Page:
Friday, May 14, 1954–I went quilting, the first time for two months. They are doing nicely on Lela Green's second quilt. Mary Nimmons went along but didn't quilt. Wayne's first planting is up. We went to Wayne's early evening. Wayne was planting corn. He complains the ground is drying out. Junior Streight came to disk and harrow for Carl. Very satisfactory.
Sunday, May 16, 1954–Tiny shower at 5 p.m. I went to church and Sunday School. We went to see where the new house is being built north of Duncheon's. Only the basement finished so far. Wayne’s, all but Larry, came. Linda wanted to see Twinkle. Merle’s all came at night. Church voted to have preaching at 9 a.m. through the summer.
Monday, May 17, 1954–Full moon, sign Scorpio watery, fruitful, feminine. Wayne brought his planter at noon. He planted 32 acres of corn and got done by eight. Junior Streight stayed with him to the end. They ate supper with us. Carl and I went after seed corn at Harold Laughlin's. I helped Mrs. McCammon put her quilt in the frames at the church. Mrs. Jenkins helped also. John Keith planted his corn today. Tom Dammann planted in the field south of us. Dr. Duncan says Carl need not put any more more salve in his eye. Junior Streight came at 7 a.m. and worked until 8 p.m. Carl brought two and a half bushels no. 300 MR at $9.25 per bushel, 339 MF at $11.50 per bushel. $Total 51.88.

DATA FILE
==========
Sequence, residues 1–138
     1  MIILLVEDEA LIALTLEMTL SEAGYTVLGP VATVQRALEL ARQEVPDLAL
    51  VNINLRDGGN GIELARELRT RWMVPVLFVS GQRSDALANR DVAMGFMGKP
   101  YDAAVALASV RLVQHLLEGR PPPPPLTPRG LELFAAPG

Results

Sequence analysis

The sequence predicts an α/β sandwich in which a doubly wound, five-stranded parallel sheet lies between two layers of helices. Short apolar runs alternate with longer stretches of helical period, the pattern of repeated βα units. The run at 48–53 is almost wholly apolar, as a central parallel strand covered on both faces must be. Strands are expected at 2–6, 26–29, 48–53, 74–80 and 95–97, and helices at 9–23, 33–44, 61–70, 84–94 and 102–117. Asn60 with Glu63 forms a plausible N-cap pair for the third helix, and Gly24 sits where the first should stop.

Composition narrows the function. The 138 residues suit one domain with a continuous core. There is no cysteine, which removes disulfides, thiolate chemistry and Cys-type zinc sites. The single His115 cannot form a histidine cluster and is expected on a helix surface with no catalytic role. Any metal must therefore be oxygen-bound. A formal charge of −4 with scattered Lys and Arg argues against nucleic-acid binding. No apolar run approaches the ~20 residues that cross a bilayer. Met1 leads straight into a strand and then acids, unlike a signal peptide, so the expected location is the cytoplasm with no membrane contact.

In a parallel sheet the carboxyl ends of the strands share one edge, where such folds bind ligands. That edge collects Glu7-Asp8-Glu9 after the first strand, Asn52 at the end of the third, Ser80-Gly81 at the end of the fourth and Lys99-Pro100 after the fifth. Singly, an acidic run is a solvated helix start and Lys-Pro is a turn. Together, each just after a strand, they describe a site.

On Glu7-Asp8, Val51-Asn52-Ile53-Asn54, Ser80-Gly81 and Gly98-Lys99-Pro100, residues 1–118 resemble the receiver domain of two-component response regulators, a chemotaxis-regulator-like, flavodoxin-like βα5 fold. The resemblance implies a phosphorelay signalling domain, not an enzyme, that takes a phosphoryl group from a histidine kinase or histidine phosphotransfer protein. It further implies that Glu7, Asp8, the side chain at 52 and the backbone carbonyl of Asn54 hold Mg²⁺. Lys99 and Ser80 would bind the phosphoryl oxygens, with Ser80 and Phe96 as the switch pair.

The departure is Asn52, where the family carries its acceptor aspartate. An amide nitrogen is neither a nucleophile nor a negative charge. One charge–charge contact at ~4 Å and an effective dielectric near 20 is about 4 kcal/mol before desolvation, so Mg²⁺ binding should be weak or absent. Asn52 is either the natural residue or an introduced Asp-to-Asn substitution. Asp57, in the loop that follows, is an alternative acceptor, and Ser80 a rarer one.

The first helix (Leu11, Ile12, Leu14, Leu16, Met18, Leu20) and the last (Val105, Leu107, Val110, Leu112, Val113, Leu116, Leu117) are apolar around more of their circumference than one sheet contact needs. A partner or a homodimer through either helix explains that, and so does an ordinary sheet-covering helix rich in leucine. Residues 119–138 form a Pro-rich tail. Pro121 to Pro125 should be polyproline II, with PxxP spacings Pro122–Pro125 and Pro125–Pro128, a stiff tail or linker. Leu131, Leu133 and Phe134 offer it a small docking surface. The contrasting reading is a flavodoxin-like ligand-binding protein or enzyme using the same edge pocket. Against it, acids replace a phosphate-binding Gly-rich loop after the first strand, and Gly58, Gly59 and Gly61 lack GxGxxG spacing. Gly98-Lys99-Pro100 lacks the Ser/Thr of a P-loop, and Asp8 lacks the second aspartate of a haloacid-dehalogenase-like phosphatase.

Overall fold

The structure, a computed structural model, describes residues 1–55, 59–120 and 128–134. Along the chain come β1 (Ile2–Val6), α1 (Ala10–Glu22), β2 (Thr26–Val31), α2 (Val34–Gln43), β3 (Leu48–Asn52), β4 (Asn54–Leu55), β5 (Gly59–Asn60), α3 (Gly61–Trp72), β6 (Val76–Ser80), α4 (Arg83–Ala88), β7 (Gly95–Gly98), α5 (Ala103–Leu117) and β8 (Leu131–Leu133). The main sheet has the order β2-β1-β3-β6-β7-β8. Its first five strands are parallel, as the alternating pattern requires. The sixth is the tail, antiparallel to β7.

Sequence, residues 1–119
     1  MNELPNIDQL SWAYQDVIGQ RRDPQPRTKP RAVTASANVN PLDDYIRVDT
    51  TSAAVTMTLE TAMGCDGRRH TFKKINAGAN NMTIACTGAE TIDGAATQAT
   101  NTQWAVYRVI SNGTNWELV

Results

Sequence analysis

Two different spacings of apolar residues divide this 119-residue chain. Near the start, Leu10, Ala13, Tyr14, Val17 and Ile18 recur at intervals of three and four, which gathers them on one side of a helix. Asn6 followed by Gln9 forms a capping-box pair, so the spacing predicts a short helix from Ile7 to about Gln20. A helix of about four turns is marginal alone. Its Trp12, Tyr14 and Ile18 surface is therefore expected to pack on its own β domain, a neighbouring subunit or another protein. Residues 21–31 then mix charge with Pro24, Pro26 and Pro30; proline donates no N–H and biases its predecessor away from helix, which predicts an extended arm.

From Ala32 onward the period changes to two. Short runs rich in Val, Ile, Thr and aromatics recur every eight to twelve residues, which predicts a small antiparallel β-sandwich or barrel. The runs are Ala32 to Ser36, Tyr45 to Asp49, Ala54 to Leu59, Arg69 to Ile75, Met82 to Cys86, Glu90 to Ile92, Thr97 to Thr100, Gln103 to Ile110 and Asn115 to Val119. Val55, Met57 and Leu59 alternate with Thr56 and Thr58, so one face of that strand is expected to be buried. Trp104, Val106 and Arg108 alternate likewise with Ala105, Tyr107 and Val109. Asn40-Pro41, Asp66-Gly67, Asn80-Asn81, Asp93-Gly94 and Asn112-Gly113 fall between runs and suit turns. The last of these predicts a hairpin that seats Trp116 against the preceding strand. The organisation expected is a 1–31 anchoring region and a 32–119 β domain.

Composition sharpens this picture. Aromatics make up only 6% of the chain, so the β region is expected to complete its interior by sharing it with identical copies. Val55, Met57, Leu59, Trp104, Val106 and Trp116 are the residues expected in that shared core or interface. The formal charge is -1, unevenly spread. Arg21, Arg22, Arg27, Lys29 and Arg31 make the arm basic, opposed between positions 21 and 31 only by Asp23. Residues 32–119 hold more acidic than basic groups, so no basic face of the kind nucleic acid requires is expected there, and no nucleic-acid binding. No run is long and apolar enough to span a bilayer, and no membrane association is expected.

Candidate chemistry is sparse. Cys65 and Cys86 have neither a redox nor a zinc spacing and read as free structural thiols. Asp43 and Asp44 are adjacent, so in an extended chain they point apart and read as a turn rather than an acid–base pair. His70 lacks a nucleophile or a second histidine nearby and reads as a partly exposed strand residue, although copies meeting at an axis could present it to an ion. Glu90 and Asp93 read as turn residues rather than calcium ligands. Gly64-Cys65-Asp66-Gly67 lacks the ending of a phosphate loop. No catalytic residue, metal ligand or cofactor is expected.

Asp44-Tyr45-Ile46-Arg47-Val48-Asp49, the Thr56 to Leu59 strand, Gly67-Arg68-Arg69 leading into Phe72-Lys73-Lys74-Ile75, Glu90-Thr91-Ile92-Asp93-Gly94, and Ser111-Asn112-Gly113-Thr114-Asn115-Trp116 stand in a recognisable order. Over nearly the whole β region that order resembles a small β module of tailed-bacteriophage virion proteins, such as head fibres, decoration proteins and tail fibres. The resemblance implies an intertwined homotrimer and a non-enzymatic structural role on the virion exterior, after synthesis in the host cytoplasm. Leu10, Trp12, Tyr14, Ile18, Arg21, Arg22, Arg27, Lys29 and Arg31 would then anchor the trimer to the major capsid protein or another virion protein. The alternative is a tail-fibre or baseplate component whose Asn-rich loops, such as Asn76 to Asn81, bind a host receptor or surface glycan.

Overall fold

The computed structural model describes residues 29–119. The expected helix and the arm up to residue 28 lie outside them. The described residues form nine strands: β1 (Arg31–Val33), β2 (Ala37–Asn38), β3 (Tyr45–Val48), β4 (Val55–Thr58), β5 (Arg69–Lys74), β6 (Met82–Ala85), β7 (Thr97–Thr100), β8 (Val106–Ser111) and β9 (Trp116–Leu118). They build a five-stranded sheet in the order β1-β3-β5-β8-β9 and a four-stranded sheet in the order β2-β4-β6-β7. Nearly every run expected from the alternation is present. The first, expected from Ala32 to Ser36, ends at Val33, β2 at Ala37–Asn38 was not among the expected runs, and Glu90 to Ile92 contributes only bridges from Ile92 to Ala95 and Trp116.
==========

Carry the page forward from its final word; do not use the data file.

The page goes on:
Tuesday, May 18, 1954–Maple seeds are falling. I made my first pecan pie. Wayne came about seven and planted corn on the old hedge row, then planted 20 acres of beans all of them and got done by noon. Geraldine came and we tore paper off the bedroom. After dinner we hurried to Hillsboro for tomato plants. Got Jubilee-orange colored, Marglobe and Stone maybe.